Prisoners with learning difficulties are being bullied and get little help from prison staff, a report has said.
Many staff said they lacked training on learning difficulty issues
The Prison Reform Trust polled almost 200 staff in England and Wales, at least half of whom claimed inmates were victimised for their disability.
The report says up to 24,000 (30%) of the prison population have a learning disability, but staff are not given the training or resources to help them.
Trust director Juliet Lyon said the situation was "downright cruel".
The research also found that 80% said it was "unlikely" or "only in a minority" of cases that people with a learning disability coming into prison would be flagged up.
Some 70% of the staff polled felt they were not adequately trained to handle prisoners with such disabilities, nor did they have enough time or staff.
They also identified grave concerns for prisoners in understanding court proceedings and the prison system.
One recounted a conversation with a young prisoner who said 'no' when asked by a judge if he was remorseful.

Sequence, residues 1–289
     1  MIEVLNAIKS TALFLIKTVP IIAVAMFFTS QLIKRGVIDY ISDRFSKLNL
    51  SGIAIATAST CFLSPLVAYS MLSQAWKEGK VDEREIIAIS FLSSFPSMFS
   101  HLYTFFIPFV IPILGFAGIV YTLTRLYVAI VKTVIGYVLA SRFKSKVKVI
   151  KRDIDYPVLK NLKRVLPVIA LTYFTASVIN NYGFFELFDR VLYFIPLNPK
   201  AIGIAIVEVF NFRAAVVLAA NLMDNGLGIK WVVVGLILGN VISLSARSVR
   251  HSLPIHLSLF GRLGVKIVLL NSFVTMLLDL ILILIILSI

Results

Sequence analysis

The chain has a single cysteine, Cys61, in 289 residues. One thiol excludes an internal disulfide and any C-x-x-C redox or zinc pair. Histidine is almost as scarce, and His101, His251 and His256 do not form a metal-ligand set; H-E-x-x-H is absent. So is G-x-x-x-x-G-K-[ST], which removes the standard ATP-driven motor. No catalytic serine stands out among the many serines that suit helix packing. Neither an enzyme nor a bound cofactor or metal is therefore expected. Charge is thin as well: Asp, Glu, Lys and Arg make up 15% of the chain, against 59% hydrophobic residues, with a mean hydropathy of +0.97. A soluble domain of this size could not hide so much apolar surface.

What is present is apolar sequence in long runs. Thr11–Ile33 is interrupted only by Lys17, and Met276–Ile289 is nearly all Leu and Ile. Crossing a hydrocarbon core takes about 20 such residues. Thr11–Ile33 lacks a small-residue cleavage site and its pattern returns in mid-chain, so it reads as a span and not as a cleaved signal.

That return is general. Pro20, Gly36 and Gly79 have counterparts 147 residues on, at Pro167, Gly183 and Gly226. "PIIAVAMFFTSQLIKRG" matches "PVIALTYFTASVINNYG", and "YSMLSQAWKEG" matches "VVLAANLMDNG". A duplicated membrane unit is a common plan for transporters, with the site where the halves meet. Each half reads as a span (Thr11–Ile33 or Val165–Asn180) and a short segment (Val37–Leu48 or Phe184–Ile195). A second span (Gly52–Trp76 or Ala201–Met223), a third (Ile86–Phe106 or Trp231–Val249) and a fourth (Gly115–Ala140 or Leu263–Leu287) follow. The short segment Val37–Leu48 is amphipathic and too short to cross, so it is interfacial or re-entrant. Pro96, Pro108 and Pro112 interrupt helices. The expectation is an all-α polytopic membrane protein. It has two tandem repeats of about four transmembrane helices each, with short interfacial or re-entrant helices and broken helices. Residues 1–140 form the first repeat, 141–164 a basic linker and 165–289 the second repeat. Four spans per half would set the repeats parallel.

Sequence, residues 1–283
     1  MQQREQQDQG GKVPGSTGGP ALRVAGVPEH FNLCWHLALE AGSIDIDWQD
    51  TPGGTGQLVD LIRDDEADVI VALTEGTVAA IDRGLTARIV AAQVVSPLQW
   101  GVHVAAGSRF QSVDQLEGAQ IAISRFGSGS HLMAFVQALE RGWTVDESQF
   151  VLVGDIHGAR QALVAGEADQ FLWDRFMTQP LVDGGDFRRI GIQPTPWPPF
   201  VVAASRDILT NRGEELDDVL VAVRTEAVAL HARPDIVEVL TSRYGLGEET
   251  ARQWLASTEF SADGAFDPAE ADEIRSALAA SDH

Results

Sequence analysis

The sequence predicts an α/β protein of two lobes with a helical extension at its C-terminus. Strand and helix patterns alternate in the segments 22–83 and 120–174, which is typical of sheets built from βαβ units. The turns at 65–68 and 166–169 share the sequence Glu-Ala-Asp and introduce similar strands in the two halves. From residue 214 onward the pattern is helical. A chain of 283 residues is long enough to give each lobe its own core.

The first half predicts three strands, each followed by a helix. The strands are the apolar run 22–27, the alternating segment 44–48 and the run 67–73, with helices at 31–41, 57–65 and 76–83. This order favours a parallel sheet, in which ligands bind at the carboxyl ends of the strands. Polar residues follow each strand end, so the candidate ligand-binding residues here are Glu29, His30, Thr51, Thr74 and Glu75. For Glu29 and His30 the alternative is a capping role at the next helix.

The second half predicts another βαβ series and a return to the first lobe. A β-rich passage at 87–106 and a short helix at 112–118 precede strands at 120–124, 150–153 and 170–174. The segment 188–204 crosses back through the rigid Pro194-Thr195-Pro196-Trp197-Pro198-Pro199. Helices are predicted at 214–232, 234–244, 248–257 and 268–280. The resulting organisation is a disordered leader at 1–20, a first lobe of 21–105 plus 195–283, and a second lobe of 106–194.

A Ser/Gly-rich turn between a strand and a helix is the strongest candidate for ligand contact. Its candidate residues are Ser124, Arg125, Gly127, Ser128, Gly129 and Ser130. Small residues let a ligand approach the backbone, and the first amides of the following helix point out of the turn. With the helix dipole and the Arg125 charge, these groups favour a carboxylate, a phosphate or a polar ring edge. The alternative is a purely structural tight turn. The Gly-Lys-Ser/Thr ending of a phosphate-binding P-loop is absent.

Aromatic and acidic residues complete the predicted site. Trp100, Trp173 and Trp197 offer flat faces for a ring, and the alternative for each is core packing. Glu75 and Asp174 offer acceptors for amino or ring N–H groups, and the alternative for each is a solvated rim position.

"This young man had not heard that word before," said the staff member.
The former prisons minister and chairwoman of the research programme, Joyce Quin, said such a lack of support for prisoners could not continue.
"There are islands of good intentions and good practice within prisons but it is time for the government to conduct a major review of how people with such disabilities and difficulties are treated, to stop prison becoming a double punishment."
Ms Lyon, director of the Prison Reform Trust, said without the right help, these prisoners had less chance of turning away from crime.
"At best, work with this group of prisoners is ineffective.
"At worst, it's downright cruel to incarcerate people who may find it hard to understand what's going on, who are more likely to be picked on or bullied by other prisoners and who may leave prison less able to cope and more likely to reoffend."